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The Fat Duck 2009


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The BBC is now reporting that 400 customers have reported being sick!

http://news.bbc.co.uk/1/hi/england/berkshire/7927715.stm

That's 5 days worth of bookings - sounds very worrying

Now then, I have been on this earth long enough to be a little cynical about 400 people,

suddenly and mysteriously claiming to be ill

Something does not smell right here.

Its so easy now for an unscrupulous individual to jump on the bandwagon,for perhaps

kudos or worse still,the promise of a free meal.

Stuff like this would kill most business's.

I think there's a fair few things that probably don't smell too good here David :laugh:

But yes - you do wonder. The thing is, if it were an airborne virus, surely some of the staff would have caught it as well? I don't know, I just hope they get to the bottom of it ASAP (pun not intended)

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That's exactly what I thought, David.

Even aside from that, I can't help but feel that a lot of people, both in the business and outside, were and are just DYING to take a pop at HB.

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Don't want to be cycnical (well, actually I do) but I would not be surprised if a number of diners on the nights in question have heard/read that Heston has said he's going to give those who suffered the suspected food poisoning something special if they come back and are now throwing their hats into the ring on the expectation that Heston's going to give them a special Victorian garden with deep fried insects, or virbrator-enhanced absinthe jelly as an apology... (cf HB's latest TV show, of those who haven't seen it).

Winter is a pretty normal time for gastro viruses to be kicking around, isn't it?

PS

Edinburgh

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The flipside of all the new people reporting illnesses is that sometimes people have a mild problem - or pre-existing medical conditions - or figure maybe they had too much to drink - and simply chalk up their experiences to bad luck. Since I have GI problems - that is what I do most of the time. But when my husband and I both get sick - then we know it is probably not my GI problems - but something we ate.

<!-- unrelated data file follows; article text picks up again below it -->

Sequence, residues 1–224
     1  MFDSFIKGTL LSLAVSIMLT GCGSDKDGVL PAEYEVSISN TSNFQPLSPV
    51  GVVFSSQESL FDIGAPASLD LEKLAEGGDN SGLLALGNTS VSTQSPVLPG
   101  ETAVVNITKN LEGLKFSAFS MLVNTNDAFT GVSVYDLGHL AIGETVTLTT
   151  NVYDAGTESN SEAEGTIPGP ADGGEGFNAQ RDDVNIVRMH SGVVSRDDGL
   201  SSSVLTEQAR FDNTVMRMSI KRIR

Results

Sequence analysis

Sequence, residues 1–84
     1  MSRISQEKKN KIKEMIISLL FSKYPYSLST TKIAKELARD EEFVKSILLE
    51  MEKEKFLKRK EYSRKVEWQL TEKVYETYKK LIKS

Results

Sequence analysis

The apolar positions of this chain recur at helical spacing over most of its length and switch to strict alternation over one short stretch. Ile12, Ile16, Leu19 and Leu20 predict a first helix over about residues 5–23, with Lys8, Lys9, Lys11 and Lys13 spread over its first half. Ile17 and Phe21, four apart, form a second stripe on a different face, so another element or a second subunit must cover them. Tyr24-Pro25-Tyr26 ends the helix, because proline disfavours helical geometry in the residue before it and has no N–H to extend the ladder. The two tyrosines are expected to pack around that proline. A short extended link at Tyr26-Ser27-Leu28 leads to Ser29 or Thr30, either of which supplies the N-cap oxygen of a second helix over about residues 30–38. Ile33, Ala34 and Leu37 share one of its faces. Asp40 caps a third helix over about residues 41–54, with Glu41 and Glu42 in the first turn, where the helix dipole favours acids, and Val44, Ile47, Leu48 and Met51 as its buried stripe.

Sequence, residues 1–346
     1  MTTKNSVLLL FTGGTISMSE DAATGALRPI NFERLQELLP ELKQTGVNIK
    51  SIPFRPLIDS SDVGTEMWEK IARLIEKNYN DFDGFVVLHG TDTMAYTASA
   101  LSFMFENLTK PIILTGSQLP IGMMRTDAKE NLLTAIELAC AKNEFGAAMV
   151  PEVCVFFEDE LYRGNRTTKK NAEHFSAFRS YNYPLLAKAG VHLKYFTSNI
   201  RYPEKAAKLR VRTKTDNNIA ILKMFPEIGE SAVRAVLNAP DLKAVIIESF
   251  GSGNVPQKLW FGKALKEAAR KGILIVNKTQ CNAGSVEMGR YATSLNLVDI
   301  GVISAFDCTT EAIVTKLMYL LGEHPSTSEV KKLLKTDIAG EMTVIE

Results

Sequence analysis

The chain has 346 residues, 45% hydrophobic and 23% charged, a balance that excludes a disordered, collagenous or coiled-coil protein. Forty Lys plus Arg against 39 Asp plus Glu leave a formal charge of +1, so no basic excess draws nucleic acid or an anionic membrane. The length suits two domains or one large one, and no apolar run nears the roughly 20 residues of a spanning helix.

Of course - there will always be some people who are faking. But even if someone assumes a 50% "fake rate" (a rate which I consider unlikely in the UK - I've been there about 6 times and it always seemed to be a pretty honest country to me) - the numbers are still worrisome.

FWIW - if I were a health official - I would be in the foie gras factory tomorrow - and investigating the fresh produce sources. Maybe the cheese sources too. Perhaps I am mistaken - but isn't March too early for any produce to be obtained locally in the UK? What country does it comes from? Here in the southeast US - much of our produce (whether produced locally or in countries in central or South America) - is produced under unsanitary conditions. When you don't have porta-potties in the fields - well where do you think people go to the bathroom? And that doesn't even take into account unfenced fields which local animals use as bathrooms. I would still bet better than even money that the problem was caused by food that was bad when it arrived in the restaurant. Robyn

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I think the whole sorry episode is pretty sickening. Now 400 hundred people suddenly fallling ill, via FD?. I don't believe it for a minute. Is this the ultimate price HB has to pay for daring to be successful? Its usually the British way isn't it, anything more than mediocre simply won't do. Any excuse to jump on the f..king bad wagon, lets do it. Sure there will be people telling the truth etc but 400!!!!! I geninuely feel sorry for the bloke, all the losers and down right spiteful shits that he now has to put up with :angry:

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It's entirely possible that there are other explanations.

Thanks for the link Margaret.

I think it's real issue and one that the online food community is ideally placed to discuss when the rest of the traditional media are not.